Most of us would like to imagine that the days of crass censorship and violent book-burning are long behind us. Unfortunately, most of us also know that this just isn’t the case. In fact, the last few months have seen a massive uptick in challenges and outright bans to books in libraries and schools all over the country, pushed, in many cases, by politicians attempting to weaponize “culture war” issues.
With so much heated rhetoric being lobbed around, it can be easy to forget that these are real books that are being banned and challenged. Books that many of us have never read. So, just what are the books that are causing such a furor?
Here are the most banned and challenged books so far in 2023, and a little more about each one, so you can decide for yourself whether or not to read each title.
This cathartic autobiography from author Maia Kobabe – who uses e/em/eir pronouns – follows a journey of self-identity that is at once familiar to all of us (grappling with adolescent crushes) and unique to the experiences of being nonbinary and asexual in a world that all-too-seldom understands either.
Challenged for its direct depictions of the struggles of adolescence, the ALA Alex Award-winning Gender Queer has also been hailed as “a great resource for those who identify as nonbinary or asexual as well as for those who know someone who identifies that way and wish to better understand” by the School Library Journal.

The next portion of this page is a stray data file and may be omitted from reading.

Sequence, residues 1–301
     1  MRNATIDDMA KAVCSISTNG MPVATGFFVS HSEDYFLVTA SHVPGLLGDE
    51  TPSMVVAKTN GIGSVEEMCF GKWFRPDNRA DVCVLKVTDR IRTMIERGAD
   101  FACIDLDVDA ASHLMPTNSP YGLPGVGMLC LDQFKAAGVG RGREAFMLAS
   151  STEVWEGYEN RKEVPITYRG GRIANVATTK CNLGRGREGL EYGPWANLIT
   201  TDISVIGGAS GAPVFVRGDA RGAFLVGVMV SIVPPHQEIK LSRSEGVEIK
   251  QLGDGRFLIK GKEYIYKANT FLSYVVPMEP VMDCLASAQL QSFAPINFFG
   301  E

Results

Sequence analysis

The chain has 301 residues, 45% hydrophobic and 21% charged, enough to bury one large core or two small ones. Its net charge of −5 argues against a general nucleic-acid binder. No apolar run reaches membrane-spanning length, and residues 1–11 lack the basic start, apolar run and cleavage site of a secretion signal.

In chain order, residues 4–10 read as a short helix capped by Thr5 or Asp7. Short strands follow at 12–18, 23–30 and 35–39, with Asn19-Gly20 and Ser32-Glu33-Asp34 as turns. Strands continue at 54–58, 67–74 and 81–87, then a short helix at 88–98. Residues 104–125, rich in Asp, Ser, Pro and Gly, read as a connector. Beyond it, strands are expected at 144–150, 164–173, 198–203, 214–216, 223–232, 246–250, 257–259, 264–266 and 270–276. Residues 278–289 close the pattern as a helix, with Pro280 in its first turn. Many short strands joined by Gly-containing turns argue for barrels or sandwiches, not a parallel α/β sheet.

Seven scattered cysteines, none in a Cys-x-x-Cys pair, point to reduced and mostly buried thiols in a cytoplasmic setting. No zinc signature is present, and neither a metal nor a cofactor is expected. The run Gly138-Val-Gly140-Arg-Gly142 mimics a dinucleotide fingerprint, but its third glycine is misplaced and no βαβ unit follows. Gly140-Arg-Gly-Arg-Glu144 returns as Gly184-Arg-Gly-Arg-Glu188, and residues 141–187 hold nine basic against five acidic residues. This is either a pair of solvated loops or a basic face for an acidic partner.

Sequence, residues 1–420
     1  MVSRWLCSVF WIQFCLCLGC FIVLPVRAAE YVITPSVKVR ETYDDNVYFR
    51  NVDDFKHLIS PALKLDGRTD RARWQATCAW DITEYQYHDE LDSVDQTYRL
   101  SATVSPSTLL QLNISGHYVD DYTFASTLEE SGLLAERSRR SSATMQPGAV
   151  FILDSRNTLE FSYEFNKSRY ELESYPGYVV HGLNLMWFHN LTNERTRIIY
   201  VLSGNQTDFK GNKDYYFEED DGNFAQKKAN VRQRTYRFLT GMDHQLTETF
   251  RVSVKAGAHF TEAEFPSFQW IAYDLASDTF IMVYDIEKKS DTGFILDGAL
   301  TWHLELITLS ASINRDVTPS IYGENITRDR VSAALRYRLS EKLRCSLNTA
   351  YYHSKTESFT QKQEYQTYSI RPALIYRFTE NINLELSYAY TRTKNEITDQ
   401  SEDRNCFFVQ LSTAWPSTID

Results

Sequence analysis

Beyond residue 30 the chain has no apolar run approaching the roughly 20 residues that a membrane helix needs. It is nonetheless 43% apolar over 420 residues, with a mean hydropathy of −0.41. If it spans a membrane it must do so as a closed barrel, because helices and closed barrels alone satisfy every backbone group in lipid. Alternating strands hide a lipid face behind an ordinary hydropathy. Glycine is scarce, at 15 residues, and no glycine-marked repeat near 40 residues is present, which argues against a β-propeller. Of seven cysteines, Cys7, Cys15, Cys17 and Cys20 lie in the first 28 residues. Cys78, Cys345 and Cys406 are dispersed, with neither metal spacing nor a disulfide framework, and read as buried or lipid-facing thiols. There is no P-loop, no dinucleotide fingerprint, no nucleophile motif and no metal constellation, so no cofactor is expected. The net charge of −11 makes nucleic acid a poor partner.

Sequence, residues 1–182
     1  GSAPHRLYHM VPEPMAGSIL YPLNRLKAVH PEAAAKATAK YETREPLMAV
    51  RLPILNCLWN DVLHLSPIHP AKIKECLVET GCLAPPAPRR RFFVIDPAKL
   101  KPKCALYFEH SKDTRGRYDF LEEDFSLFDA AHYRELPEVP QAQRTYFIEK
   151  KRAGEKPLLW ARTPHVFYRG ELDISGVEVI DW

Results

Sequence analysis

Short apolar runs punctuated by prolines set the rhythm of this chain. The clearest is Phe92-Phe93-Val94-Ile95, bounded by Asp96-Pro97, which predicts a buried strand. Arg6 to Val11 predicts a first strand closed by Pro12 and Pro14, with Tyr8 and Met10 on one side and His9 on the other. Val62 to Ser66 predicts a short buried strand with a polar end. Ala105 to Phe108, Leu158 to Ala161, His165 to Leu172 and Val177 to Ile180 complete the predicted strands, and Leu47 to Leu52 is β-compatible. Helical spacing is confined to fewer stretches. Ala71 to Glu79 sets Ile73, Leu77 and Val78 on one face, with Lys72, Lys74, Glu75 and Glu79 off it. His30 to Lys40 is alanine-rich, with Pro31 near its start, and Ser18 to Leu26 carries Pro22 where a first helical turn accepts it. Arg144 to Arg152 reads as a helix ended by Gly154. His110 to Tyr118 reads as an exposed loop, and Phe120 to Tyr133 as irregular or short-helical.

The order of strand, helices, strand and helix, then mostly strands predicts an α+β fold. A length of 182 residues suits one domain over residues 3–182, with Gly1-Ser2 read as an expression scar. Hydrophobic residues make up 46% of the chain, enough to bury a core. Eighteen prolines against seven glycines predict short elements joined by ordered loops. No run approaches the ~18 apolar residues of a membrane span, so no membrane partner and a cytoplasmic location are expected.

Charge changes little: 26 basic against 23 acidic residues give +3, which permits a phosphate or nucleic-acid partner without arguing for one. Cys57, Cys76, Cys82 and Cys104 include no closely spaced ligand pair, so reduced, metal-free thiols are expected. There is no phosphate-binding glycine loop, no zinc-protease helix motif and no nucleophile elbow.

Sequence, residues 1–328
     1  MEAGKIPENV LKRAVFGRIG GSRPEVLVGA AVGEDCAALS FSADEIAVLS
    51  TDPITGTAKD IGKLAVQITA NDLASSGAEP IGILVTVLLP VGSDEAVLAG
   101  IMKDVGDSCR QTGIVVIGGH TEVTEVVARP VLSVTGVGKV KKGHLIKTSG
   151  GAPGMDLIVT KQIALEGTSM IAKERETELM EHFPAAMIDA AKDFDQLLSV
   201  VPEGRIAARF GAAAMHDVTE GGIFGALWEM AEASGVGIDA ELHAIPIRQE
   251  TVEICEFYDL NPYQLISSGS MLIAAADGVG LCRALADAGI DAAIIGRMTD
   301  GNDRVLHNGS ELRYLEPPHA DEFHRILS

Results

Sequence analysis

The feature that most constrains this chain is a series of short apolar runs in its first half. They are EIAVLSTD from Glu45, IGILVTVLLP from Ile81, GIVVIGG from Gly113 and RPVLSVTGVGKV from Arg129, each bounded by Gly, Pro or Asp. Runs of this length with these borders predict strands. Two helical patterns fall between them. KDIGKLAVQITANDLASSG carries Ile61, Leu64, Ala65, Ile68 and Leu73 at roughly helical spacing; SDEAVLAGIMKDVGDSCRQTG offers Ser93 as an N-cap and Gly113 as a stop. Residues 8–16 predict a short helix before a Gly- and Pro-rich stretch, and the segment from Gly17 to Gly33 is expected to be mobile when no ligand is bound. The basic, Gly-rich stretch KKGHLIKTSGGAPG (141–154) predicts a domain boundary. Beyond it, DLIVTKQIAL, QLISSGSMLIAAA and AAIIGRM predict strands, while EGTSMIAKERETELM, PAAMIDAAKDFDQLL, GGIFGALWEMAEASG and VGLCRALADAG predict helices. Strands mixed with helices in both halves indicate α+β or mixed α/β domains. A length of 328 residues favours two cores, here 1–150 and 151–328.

Another book challenged for its depictions of LGBTQ experiences, Flamer is a coming-of-age graphic novel by award-winning author and illustrator Mike Curato who, according to NPR, knows boys the way “Judy Blume knows a teenaged girl, and that’s quite a bit.”
Despite its challenged status, Jarret J. Krosoczka, author of Hey, Kiddo, argues that this book about finding yourself at summer camp “will save lives.” Hopefully, it can find its way into those lives to save them.
Many of the books challenged in 2023 have been challenged on grounds of sexual content, and that is certainly true of New York Times-bestselling author Ellen Hopkins’ Tricks, a novel about five troubled teens who fall into prostitution in their efforts to survive and make a place for themselves in the world.
Described as a book that “turns you on and repels you at the same time,” Publishers Weekly has raved that “while readers may connect with some characters more than others, they will long remember each painful story.”
The Handmaid's Tale (Graphic Novel)
Margaret Atwood’s 1985 novel of a dystopian future in which a totalitarian religious sect rules the United States and women are treated as objects used only for childbearing is no stranger to challenges and bans, and yet it is widely read and often reprinted, and was recently adapted into a hit TV series.
This year, it was the graphic novel adaptation, with art by Renee Nault, that faced the majority of the challenges, in spite of praise calling it “a rich, visceral approach to telling the story” (Toronto Star) that is “able to convey some things that text – and even a TV show – never could” (New York Post).